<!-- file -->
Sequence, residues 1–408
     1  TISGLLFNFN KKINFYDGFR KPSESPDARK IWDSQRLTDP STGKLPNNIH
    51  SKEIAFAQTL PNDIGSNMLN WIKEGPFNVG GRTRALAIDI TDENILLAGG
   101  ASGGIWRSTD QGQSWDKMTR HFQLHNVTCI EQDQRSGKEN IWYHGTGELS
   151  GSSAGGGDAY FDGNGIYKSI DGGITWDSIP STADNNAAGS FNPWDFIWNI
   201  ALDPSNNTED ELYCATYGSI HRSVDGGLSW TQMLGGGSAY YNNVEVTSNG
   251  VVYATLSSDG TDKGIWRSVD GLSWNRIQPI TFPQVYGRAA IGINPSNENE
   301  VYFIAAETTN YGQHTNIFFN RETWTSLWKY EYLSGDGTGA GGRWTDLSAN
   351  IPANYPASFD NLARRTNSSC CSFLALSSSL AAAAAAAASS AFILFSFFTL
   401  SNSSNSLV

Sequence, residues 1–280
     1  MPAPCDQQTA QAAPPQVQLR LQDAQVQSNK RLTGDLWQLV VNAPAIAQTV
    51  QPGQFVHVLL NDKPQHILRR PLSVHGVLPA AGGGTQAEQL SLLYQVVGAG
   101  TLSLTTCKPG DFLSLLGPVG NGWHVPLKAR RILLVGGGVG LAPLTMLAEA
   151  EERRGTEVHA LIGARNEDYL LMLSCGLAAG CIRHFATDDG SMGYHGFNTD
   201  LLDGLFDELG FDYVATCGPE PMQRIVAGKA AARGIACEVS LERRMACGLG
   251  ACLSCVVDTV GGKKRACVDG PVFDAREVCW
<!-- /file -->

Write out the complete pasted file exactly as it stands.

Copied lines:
Sequence, residues 1–408
     1  TISGLLFNFN KKINFYDGFR KPSESPDARK IWDSQRLTDP STGKLPNNIH
    51  SKEIAFAQTL PNDIGSNMLN WIKEGPFNVG GRTRALAIDI TDENILLAGG
   101  ASGGIWRSTD QGQSWDKMTR HFQLHNVTCI EQDQRSGKEN IWYHGTGELS
   151  GSSAGGGDAY FDGNGIYKSI DGGITWDSIP STADNNAAGS FNPWDFIWNI
   201  ALDPSNNTED ELYCATYGSI HRSVDGGLSW TQMLGGGSAY YNNVEVTSNG
   251  VVYATLSSDG TDKGIWRSVD GLSWNRIQPI TFPQVYGRAA IGINPSNENE
   301  VYFIAAETTN YGQHTNIFFN RETWTSLWKY EYLSGDGTGA GGRWTDLSAN
   351  IPANYPASFD NLARRTNSSC CSFLALSSSL AAAAAAAASS AFILFSFFTL
   401  SNSSNSLV

Sequence, residues 1–280
     1  MPAPCDQQTA QAAPPQVQLR LQDAQVQSNK RLTGDLWQLV VNAPAIAQTV
    51  QPGQFVHVLL NDKPQHILRR PLSVHGVLPA AGGGTQAEQL SLLYQVVGAG
   101  TLSLTTCKPG DFLSLLGPVG NGWHVPLKAR RILLVGGGVG LAPLTMLAEA
   151  EERRGTEVHA LIGARNEDYL LMLSCGLAAG CIRHFATDDG SMGYHGFNTD
   201  LLDGLFDELG FDYVATCGPE PMQRIVAGKA AARGIACEVS LERRMACGLG
   251  ACLSCVVDTV GGKKRACVDG PVFDAREVCW